On Sunday, the Humanitarian Affairs Officer on board the Médecins Sans Frontières (MSF) search-and-rescue vessel Geo Barents, Julie Melichar, said that Libya is the point at which there is no turning back. “In Libya, there is a system to extort money from people on the move. Many migrants and refugees are kidnapped by militias and armed groups and are held captive,” Julie said in a statement.
These remarks came after more than 367 migrants were rescued by MSF off the Libyan coast. More than 40 per cent of them were under the age of 18 and 140 of them were travelling alone.
She confirmed that crossing one of the world’s most dangerous migration routes has significant psychological consequences for unaccompanied minors.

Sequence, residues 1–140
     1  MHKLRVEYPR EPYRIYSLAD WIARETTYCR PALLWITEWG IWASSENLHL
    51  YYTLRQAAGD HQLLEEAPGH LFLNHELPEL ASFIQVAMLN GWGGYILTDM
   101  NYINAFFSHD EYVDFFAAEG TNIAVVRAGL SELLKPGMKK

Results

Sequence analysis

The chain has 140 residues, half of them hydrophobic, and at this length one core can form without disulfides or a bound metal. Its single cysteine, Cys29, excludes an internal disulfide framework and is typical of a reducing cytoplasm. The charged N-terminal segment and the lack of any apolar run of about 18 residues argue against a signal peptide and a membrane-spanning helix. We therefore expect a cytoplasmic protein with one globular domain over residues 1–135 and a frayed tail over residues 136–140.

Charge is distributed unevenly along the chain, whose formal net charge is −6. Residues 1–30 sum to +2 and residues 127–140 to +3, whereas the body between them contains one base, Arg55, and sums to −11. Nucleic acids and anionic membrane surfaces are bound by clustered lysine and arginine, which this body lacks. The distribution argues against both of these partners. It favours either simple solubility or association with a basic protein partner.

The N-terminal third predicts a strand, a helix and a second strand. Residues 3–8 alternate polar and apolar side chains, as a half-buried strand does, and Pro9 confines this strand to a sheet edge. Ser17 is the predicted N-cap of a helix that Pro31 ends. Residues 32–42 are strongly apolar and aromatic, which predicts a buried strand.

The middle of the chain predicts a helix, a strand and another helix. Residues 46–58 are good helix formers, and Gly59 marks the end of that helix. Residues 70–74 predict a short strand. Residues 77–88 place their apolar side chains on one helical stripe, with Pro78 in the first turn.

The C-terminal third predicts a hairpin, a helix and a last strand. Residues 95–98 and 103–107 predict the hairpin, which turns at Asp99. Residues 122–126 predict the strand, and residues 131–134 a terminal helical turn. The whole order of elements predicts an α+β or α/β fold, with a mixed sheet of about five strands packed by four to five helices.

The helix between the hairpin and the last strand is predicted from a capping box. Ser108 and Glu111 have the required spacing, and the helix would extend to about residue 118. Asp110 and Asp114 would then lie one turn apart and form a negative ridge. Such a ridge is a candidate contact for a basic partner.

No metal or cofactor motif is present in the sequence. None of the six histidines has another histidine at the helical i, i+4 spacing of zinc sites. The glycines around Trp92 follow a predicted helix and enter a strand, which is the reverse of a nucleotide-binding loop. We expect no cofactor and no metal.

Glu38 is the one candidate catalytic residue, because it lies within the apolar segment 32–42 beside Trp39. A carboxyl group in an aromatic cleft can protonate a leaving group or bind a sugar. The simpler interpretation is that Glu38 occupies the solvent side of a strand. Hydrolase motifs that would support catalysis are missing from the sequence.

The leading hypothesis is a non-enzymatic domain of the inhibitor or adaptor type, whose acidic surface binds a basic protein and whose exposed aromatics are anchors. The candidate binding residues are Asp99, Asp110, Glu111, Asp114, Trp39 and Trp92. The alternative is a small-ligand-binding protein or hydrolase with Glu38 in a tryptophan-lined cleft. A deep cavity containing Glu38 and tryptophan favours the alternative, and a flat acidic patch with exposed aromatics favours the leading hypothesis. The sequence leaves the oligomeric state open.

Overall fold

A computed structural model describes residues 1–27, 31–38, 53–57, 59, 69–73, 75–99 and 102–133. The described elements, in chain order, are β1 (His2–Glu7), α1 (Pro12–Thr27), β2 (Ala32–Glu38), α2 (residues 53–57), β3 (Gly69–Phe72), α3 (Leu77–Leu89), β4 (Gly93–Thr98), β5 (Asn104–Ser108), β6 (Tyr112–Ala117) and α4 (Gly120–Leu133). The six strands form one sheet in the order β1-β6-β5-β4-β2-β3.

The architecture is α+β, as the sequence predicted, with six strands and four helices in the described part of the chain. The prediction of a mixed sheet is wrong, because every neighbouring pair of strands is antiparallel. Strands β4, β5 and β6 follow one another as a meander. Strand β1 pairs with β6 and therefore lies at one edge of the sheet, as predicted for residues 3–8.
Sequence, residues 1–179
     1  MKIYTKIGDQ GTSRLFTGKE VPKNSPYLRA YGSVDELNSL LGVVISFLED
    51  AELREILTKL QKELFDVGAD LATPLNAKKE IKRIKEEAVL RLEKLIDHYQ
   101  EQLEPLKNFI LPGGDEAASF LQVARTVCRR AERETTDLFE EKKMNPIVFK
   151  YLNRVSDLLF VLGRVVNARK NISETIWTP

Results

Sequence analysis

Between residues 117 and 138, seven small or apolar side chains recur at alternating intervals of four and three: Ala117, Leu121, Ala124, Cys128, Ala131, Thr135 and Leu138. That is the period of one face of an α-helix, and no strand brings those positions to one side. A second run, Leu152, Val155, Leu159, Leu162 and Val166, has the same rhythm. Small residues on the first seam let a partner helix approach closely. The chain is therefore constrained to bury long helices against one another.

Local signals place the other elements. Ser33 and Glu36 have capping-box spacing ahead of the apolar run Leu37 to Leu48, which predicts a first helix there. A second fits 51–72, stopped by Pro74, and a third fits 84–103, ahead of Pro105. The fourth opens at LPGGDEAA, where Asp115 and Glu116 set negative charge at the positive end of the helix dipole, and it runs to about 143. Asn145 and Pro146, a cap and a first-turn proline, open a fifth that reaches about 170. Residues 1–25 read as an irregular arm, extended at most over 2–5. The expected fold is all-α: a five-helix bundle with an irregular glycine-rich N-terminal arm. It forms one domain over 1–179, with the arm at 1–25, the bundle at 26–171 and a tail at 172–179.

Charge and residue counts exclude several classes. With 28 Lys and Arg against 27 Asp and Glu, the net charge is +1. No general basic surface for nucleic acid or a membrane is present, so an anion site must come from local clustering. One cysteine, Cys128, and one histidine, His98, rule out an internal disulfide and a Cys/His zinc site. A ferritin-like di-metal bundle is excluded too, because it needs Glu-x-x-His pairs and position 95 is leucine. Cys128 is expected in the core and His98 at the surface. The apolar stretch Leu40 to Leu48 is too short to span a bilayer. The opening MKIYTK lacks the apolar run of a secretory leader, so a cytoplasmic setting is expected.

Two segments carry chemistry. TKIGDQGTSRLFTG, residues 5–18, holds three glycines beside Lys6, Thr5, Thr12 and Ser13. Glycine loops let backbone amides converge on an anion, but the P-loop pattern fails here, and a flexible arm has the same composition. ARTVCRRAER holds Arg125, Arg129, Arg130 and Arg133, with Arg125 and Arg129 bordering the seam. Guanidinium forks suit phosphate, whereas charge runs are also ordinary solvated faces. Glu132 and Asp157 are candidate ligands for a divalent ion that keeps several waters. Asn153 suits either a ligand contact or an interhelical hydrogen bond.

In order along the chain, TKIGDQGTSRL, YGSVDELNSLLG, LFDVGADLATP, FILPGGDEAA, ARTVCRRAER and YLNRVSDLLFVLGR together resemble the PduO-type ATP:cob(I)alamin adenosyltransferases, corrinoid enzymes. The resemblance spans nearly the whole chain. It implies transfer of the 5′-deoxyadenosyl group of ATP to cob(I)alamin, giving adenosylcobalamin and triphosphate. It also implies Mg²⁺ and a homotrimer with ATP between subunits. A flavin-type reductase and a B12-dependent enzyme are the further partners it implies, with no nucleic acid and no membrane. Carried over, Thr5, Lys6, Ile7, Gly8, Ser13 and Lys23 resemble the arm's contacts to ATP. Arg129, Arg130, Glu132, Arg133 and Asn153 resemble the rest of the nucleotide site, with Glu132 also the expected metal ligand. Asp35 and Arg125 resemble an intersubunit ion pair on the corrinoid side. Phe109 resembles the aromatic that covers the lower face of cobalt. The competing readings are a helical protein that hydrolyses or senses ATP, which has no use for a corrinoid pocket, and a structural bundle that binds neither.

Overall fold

“Such a high number of young migrants risking their lives to cross the Mediterranean Sea – considered to be the world’s deadliest migration route – is alarming in itself. But travelling without a parent or trusted adult makes unaccompanied minors one of the most vulnerable groups of people on the move,” MSF’s official added.
She noted that those who have money can buy their freedom; those who do not are tortured or made to do forced labour until their families or friends can pay for their release. This spiral of exploitation can last for months or even years.
“Children and teenagers are not spared such atrocities. “Many of the young migrants we rescued told us they had escaped arbitrary detention, abuse and exploitation in Libya,” said Melichar. “Some had faced the loss of friends along their journey, since many people disappear or are killed in Libya.
“One young migrant told me that he was travelling with five very good friends. All five friends died in detention centres in Libya, and then this boy found himself alone. He said, he started creating trouble and yelling on purpose, hoping that the guards would beat and kill him, and he could be reunited with his friends. That would be too much for any human being to cope with. How can this be happening to children?”